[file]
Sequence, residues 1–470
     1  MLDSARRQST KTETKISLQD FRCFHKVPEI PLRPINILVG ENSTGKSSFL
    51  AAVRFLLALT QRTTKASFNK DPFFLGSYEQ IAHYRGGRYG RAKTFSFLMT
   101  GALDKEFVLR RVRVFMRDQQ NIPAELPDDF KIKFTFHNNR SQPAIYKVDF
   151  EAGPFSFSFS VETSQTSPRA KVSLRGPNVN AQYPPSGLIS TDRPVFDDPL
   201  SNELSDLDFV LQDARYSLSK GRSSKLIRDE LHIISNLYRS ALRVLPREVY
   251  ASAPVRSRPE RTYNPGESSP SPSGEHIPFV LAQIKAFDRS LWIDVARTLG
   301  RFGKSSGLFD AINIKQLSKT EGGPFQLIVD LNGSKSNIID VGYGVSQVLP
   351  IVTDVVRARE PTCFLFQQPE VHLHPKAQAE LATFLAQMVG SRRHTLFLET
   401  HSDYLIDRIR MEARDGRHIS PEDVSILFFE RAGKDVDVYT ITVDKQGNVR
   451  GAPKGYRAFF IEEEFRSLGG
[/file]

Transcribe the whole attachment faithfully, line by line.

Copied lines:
Sequence, residues 1–470
     1  MLDSARRQST KTETKISLQD FRCFHKVPEI PLRPINILVG ENSTGKSSFL
    51  AAVRFLLALT QRTTKASFNK DPFFLGSYEQ IAHYRGGRYG RAKTFSFLMT
   101  GALDKEFVLR RVRVFMRDQQ NIPAELPDDF KIKFTFHNNR SQPAIYKVDF
   151  EAGPFSFSFS VETSQTSPRA KVSLRGPNVN AQYPPSGLIS TDRPVFDDPL
   201  SNELSDLDFV LQDARYSLSK GRSSKLIRDE LHIISNLYRS ALRVLPREVY
   251  ASAPVRSRPE RTYNPGESSP SPSGEHIPFV LAQIKAFDRS LWIDVARTLG
   301  RFGKSSGLFD AINIKQLSKT EGGPFQLIVD LNGSKSNIID VGYGVSQVLP
   351  IVTDVVRARE PTCFLFQQPE VHLHPKAQAE LATFLAQMVG SRRHTLFLET
   401  HSDYLIDRIR MEARDGRHIS PEDVSILFFE RAGKDVDVYT ITVDKQGNVR
   451  GAPKGYRAFF IEEEFRSLGG